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Chang Cheh (pinyin: Zhāng Chè; 10 February 1923 – 22 June 2002) was a Chinese film director.[1]

Chang Cheh
Chinese name (traditional)
Chinese name (simplified)
Born 張易揚
(Chang Yi-yang)

(1923-02-10)10 February 1923
Shanghai, China
Died 22 June 2002(2002-06-22) (aged 79)
Hong Kong
Years active 1967–1983
Ancestry Qingtian, Zhejiang
Asia Pacific Film Festival
1970 Best Director (Vengeance!)

He directed such films as Five Deadly Venoms,[1] the Brave Archer (based on the works of Jin Yong), The One-Armed Swordsman, and other wuxia and kung fu films.



Referred to as "The Godfather of Hong Kong cinema", Chang Cheh directed nearly 100 films in his illustrious career at Shaw Brothers, which ran the gamut from swordplay films (One-Armed Swordsman, The Assassin, Golden Swallow) to kung fu films (Five Shaolin Masters, Five Venoms, Kid with the Golden Arm) to more modern period dramas (Chinatown Kid, Boxer From Shantung, The Generation Gap) to lavish costume epics (The Water Margin, The Heroic Ones, Boxer Rebellion).

After graduating from National Central University (Nanjing University) in Chungking (Chongqing), where he studied politics, Chang moved to Hong Kong, where he became a film critic.[2] Chang got his start in the film industry as a screenwriter; his first script was The False Faced Woman, a movie from Shanghai which was released in 1947. He wrote several more scripts before making his directorial debut in 1949 with Mount Turbulence. His first big hit came with 1967's One-Armed Swordsman, the first film in Hong Kong history to gross HK$1 million. The film catapulted actor Jimmy Wang Yu to stardom and cemented Chang's status as one of Hong Kong's top directors. In the same year, he released The Assassin, another early Chang classic, and in 1968 he followed up with Golden Swallow,[3] a sequel to King Hu's classic wuxia picture Come Drink With Me.

He often co-wrote scripts with fellow screenwriter Ni Kuang, and occasionally co-directed films with directors such as Baau Hok-li, Wu Ma and Gwai Chi-hung. He even occasionally wrote and co-wrote music for his films. In addition to his film related work, he also wrote novels, poetry and non-film related articles under numerous pseudonyms.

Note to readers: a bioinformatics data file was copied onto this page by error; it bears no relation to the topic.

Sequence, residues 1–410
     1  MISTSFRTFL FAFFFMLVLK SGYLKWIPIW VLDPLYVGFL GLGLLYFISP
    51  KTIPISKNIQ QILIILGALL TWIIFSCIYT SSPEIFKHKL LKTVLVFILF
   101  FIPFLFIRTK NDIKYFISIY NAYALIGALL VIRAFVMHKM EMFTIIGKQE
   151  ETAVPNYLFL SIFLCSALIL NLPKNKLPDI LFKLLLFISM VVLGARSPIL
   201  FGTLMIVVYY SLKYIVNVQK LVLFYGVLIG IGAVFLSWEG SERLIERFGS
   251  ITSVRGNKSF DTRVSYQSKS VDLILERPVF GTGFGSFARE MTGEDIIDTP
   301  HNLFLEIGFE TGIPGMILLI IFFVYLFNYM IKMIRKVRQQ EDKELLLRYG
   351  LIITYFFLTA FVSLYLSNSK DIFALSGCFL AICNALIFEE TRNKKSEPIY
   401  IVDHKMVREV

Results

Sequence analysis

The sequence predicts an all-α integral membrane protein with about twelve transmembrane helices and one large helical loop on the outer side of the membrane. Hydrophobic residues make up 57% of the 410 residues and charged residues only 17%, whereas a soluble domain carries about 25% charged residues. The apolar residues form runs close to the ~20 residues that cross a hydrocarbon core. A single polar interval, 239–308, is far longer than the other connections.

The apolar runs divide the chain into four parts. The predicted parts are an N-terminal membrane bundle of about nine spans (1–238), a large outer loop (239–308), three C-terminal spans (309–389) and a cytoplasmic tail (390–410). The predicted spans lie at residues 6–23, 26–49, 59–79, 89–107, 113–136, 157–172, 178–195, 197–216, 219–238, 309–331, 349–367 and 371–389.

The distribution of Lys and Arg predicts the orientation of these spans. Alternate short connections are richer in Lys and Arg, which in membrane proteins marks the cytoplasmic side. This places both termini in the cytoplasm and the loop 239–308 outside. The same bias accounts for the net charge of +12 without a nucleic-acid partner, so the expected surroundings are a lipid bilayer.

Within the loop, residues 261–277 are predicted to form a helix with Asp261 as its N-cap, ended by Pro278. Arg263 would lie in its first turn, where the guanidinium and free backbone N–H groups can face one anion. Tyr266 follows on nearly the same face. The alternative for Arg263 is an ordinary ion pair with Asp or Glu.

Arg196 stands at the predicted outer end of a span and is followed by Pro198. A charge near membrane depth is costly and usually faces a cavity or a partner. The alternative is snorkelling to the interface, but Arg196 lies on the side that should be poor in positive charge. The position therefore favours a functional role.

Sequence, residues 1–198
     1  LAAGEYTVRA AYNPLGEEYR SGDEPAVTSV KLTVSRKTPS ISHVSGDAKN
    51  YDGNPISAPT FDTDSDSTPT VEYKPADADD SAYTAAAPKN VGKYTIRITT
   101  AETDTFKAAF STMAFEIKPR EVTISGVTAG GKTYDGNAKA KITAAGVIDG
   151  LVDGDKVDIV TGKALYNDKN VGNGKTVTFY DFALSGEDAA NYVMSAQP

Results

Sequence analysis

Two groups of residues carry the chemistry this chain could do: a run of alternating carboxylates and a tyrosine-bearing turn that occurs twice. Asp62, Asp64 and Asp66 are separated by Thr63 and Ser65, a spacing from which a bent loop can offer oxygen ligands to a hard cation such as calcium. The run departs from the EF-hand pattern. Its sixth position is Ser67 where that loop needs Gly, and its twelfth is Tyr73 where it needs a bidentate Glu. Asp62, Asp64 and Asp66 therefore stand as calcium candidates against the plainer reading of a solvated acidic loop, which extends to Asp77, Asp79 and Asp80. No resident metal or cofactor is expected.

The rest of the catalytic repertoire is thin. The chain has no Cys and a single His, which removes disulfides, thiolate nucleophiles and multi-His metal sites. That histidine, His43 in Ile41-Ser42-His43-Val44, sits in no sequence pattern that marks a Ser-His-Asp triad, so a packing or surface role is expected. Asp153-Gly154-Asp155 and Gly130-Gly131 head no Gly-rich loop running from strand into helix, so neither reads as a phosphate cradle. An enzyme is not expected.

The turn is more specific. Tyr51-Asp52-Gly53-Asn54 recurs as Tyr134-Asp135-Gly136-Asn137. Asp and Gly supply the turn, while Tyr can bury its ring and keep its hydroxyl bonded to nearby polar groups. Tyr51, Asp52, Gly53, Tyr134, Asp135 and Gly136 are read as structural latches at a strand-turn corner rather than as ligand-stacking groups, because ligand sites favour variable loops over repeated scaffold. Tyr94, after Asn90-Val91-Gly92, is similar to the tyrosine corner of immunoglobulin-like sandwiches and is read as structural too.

He was heavily influenced by directors Akira Kurosawa, Hideo Gosha, Sergio Leone, and Sam Peckinpah,[4][5] Cheh brought elements from these movies into his own work, revolutionizing Hong Kong filmmaking. His swordplay films of the 1960s (including One Armed Swordsman), filled with bloody scenes of the hero cutting his way through a roomful of opponents, were considered at the time by Westerners to be violent trash but are now looked back on as masterpieces of the genre.

In the early 1970s Cheh began making kung fu films (including Five Shaolin Masters and Five Venoms) sometimes filming four or five movies in a single year. His earlier kung fu movies were often done in collaboration with choreographer (and future director) Lau Kar Leung, who Chang had worked with, along with choreographer Tong Gaai, on earlier films. After falling out with Lau on the set of Disciples of Shaolin, Chang started featuring a troupe of actors made up of Sun Chien, Chiang Sheng, Philip Kwok, Lo Meng, Lu Feng, Wei Pai (and Yu Tai Ping), who would come to be known as "The Venoms", as actors and choreographers in his films. His films from this period, including Five Deadly Venoms, Kid with the Golden Arm, and Crippled Avengers, feature a heavy influence from the wuxia movie genre, and are considered his most popular films in the west – not counting 1982's Five Element Ninjas, aka Chinese Superninjas.

Chang was a pioneer of what is known by some as "heroic bloodshed"; films that emphasize brotherhood, loyalty and honor, and several of his films, including Vengeance, Boxer From Shantung and Chinatown Kid, can be seen as clear influences on the later work of directors such as John Woo and Ringo Lam. His influence on future filmmakers such as Quentin Tarantino (who listed Chang as a dedicatee in the end credits of Kill Bill: Volume 2), Robert Rodriguez and Zhang Yimou is unquestionable. John Woo, who lists Cheh as his chief filmmaking inspiration, worked as assistant director on many of the master's films, including Boxer From Shantung, The Water Margin and The Blood Brothers.



  1. ^ a b "Chang Cheh". The New York Times. 
  2. ^ National Central University later renamed Nanjing University in Nanjing and reinstated in Taiwan.
  3. ^ "Golden Swallow". The New York Times. 
  4. ^ "香港電影資料館 - 張徹──回憶錄‧影評集 - 張徹電影的陽剛武力革命──代序二". Retrieved 2016-07-04. 
  5. ^ "Honouring Master Cheh - Film -". Retrieved 2016-07-04. 

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